New VCU Alumna Named NSF Graduate Research Fellow

A new Virginia Commonwealth University graduate has received a National Science Foundation Graduate Research Fellowship to support her pursuit of doctoral studies.

Nicole Constance
Nicole Constance

Nicole Constance of Fredericksburg graduated from VCU this month with bachelor’s degrees in psychology and anthropology. Constance, who graduated from Courtland High School, will use the NSF Graduate Research Fellowship to attend Penn State to participate in Ph.D. programs in human development and family studies and in demography. Constance hopes to pursue a career as a professor following her doctoral studies. 

As an undergraduate, Constance was involved in several research projects in the Department of Psychology. For her thesis, she focused on the influence of neighborhood quality on the socialization of coping under the guidance of Wendy Kliewer, Ph.D., professor and director of graduate studies in the Department of Psychology. Constance plans to build upon this research as she pursues her graduate degree.

"I am delighted that Nicole has received this honor from NSF,” Kliewer said. “I have every confidence that Nicole will make significant contributions to the fields of developmental psychology and prevention science. Nicole has been a wonderful student with whom to work and I have enjoyed seeing her thinking develop in the two-and-a-half years she has been a part of my lab."

NSF Graduate Research Fellows receive three years of graduate support, including a $30,000 annual stipend, a $10,500 cost-of-education allowance, access to the TeraGrid Supercomputer and a $1,000, one-time international travel allowance.

The mission of the NSF Graduate Research Fellowship Program is to support students who are pursuing graduate degrees in science, technology, engineering or mathematics or social sciences, including psychology, in the United States or abroad. The NSF offers 900 to 1,600 graduate fellowships to students intending to enroll in a research-based master’s or doctoral degrees.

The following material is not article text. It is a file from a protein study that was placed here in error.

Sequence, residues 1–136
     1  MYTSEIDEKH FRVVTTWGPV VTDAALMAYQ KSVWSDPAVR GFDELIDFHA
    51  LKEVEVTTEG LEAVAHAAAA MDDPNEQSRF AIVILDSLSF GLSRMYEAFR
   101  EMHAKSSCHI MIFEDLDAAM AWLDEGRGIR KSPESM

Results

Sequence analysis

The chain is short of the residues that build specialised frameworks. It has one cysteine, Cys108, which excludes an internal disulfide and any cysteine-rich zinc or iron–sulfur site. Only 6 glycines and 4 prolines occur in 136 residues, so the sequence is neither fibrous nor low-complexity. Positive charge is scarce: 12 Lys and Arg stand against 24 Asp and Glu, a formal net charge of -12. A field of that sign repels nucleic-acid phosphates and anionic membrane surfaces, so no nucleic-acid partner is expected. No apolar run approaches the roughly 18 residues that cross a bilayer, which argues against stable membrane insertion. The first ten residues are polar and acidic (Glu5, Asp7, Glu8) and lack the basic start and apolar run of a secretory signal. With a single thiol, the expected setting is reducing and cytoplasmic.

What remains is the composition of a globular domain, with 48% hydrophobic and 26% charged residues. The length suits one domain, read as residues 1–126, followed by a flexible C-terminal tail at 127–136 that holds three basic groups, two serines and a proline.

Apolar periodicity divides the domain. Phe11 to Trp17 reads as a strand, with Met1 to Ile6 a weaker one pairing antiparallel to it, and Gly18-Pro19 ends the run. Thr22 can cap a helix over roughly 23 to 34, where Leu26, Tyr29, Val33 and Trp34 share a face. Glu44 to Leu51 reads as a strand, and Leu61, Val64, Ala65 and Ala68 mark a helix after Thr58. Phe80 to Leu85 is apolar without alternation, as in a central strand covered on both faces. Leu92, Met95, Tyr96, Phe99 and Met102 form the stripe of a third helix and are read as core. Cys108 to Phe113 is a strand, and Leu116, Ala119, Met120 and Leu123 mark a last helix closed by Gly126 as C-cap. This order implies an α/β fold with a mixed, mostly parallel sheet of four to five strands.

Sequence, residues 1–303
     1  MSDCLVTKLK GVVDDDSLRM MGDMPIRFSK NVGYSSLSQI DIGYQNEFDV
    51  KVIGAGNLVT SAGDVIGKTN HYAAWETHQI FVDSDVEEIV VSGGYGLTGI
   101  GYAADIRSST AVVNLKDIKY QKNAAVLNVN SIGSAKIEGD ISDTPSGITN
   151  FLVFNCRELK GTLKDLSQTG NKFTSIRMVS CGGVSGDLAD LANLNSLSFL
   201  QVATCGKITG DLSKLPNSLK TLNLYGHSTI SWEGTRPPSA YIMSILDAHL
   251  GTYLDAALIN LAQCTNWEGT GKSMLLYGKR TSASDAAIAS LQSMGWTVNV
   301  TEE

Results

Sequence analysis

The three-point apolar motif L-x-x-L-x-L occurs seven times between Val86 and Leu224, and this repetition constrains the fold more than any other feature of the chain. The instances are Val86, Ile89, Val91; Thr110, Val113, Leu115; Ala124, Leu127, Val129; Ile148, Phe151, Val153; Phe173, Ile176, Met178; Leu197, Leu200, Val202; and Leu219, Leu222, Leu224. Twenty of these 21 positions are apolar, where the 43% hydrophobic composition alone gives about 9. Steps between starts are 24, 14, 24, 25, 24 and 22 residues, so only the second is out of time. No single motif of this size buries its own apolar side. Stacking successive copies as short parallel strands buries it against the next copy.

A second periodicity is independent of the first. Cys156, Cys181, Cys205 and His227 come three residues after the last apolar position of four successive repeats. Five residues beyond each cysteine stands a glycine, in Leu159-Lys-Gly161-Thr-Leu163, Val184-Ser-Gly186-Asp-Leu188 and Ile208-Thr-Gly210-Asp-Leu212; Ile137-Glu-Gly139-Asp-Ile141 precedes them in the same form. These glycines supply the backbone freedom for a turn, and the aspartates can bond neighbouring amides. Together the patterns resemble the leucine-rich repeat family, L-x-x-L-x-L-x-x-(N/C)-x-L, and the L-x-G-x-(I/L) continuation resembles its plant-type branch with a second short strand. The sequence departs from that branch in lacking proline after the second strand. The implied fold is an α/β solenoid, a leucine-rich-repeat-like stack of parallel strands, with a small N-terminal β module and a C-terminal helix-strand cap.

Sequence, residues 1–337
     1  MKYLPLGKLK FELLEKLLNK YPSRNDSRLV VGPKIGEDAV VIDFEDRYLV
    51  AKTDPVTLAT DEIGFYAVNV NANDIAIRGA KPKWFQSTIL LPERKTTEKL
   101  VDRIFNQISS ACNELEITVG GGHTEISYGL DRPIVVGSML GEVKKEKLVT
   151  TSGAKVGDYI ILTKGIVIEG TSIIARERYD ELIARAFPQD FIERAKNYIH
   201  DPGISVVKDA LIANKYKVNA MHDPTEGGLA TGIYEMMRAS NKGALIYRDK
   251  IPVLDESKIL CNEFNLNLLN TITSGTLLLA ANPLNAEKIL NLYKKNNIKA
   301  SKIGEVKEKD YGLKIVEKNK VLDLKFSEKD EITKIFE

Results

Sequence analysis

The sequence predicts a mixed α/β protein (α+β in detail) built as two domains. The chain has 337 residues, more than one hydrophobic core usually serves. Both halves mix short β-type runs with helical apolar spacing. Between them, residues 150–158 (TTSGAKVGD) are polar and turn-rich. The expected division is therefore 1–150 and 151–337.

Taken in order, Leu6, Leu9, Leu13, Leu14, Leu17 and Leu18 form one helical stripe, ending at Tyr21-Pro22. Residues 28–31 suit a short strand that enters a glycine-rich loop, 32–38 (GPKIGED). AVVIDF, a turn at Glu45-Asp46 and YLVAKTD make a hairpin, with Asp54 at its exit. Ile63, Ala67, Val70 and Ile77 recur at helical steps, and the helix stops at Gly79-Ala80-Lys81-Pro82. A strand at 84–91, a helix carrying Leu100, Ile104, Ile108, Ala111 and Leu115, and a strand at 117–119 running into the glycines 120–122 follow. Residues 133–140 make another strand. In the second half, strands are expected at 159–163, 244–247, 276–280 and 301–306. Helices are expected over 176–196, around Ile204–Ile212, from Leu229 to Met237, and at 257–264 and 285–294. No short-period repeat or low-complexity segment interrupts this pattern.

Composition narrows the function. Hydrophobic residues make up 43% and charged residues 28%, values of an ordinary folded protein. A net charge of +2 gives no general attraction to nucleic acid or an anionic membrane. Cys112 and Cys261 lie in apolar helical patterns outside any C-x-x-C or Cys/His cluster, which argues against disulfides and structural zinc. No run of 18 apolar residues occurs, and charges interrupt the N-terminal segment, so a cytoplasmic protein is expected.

“It is quite an accomplishment for Nicole to be selected for the NSF Graduate Research Fellowship before she has begun her graduate studies,” said Jeff Wing, national scholarship coordinator in the Honors College at VCU.  “Very few students are selected for the GRF until after they have begun their graduate studies. That she was selected as a graduating senior speaks volumes about the maturity of her undergraduate research and the quality of the mentoring she has received from Dr. Kliewer and others.”

Students and alumni interested in learning more about the NSF Graduate Research Fellowship Program should visit http://www.honors.vcu.edu/nationalscholar, or contact Jeff Wing at jawing@vcu.edu or 804-828-1803.

About VCU and VCU Medical Center

Virginia Commonwealth University is a major, urban public research university with national and international rankings in sponsored research. Located in downtown Richmond, VCU enrolls more than 31,000 students in 226 degree and certificate programs in the arts, sciences and humanities. Sixty-seven of the programs are unique in Virginia, many of them crossing the disciplines of VCU’s 13 schools and one college. MCV Hospitals and the health sciences schools of Virginia Commonwealth University comprise VCU Medical Center, one of the nation’s leading academic medical centers. For more, see www.vcu.edu.